Monday, March 12, 2018

How to Edit Your Own Manuscript

Writer's Block/Drew Coffman/CC license
You've written the last line of your book, and you have that expansive euphoria that comes with a job well done. An almost uncontrollable urge to share your accomplishment with the world washes over you. You want to show your new book to your friends, agents, publishers - or, God forbid, immediately self-publish.

Don't do it.

The first draft of anything you write needs to be your little secret. Hug it to your breast, murmur sweet nothings to its pages, but don't let anybody read it.

Why? Because it is filled with mistakes. There are errors in grammar, punctuation, spelling, word choice, internal logic, voice, awkward constructions, typos. There are whole scenes you have left out, dramatic high points you have missed. There is a relationship between your characters that you have not fully developed. You may even have used impact as a verb! (AGH!)

If you think none of those things appear in your book, you are wrong. If you think nobody will pay attention to any of those minor blips, you are wrong. If you think your glorious prose will shine through, like the sun breaking through clouds of dangling participles, you are dead wrong. Left uncorrected, those errors will forever mar your work.

At this point, I may have sufficiently scared you into hiring an editor. Don't do it yet. First, give your book a once over. Maybe a twice over. Or a three times over. Take a jolly good crack at it before you send it off to be edited. (You will save yourself some money if the editor doesn't have to fix a multitude of mistakes you could have caught yourself.) Follow these steps:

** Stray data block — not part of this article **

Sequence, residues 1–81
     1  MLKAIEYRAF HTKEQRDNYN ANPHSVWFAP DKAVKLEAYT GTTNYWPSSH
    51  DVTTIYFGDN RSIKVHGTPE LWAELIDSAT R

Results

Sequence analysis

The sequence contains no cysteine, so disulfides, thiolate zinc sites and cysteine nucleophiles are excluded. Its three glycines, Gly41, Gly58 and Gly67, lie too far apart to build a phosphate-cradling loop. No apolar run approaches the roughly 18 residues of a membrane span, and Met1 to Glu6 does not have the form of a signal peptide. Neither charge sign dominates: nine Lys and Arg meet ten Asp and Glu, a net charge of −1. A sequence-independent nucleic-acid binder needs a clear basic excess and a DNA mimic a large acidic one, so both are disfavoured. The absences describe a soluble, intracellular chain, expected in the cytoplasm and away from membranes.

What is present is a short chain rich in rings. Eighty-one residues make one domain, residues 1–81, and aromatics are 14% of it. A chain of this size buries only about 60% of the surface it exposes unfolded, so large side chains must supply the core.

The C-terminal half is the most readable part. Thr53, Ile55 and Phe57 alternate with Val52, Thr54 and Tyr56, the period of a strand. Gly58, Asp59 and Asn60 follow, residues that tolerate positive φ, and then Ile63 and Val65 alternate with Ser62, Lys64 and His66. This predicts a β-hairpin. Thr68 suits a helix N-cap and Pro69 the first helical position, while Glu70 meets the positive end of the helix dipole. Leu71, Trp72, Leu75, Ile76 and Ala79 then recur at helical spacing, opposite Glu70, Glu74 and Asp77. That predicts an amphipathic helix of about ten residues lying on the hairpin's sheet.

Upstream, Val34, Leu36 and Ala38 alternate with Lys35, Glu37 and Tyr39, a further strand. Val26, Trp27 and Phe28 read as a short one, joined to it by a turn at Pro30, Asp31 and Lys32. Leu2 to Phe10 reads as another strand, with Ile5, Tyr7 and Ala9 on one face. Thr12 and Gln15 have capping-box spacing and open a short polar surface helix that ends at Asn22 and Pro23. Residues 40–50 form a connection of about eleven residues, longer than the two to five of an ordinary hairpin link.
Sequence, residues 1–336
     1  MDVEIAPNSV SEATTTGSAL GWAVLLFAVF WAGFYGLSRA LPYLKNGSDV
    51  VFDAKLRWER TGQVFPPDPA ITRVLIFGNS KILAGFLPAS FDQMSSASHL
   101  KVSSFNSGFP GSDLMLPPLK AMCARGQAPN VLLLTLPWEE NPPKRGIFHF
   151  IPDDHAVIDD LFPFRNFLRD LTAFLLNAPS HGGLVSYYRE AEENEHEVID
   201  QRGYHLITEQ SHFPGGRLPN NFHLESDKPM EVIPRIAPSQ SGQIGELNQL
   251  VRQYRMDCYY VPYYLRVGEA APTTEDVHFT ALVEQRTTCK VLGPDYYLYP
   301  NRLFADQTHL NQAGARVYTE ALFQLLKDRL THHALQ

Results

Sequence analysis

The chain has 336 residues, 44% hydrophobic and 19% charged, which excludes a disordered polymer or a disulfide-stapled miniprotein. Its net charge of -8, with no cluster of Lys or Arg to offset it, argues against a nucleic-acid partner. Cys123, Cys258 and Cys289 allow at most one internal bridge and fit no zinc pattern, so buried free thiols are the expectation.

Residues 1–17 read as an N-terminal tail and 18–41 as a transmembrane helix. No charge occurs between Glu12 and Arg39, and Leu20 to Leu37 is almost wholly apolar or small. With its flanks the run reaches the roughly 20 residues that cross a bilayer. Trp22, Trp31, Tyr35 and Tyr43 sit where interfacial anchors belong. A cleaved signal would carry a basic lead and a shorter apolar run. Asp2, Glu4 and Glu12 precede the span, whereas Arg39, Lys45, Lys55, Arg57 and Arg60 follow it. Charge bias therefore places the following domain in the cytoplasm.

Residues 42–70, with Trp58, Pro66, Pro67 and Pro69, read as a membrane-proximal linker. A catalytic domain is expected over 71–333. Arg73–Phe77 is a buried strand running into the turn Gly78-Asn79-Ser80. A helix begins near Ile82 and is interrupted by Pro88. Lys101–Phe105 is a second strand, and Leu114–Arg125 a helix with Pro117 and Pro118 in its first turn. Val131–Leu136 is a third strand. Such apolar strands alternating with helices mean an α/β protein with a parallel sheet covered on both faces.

1) Put your manuscript away for a few months. It will grate on you to simply park your project awhile, but I can guarantee you need a break from it in order to see it with fresh eyes. You can use the break to write something else. Or you can read a book. (Reading a good book can stimulate ideas about how to make your manuscript better. Either take notes, or make some changes on the spot.)

2) When you pick up your manuscript again, read it aloud. Reading aloud slows processing speed, allowing you to spot errors more easily. If you stumble while you are reading, revise that sentence or phrase. Stumbling means you've composed an awkward or ambiguous construction that readers will find difficult to parse.

3) Open your book to a random page to edit. Writers get "manuscript blindness" when they read their work from first to last page. It's a natural consequence of looking at something too many times combined with the inner knowledge of what comes next. To find errors you need to surprise yourself.

4) Read your first page. Pretend that your book will be judged on that page, and that page alone. (Often, readers don't even make it past the first paragraph. I know agents don't.) Polish that page until you can see your face in it.

5) Repeat step 4 for every page in your book.

Now you can show your manuscript to trusted friends or beta readers. After you have gotten enough feedback to hone your book even further, you can begin searching for an editor. At this point, you will have a much better idea of what kind of editor you need (line editor, proofreader, or, if you are still stuck on structural components, a developmental editor). This article will help you find the editor who is right for you: Costs for Editing a Self-Published Book

When, at long last, you send your book to an editor, she, or he, will find errors, because there are always errors. But you will have had the chance to take care of plot holes, character motivation, missing scenes, and all those things that only you, the author, can fix.

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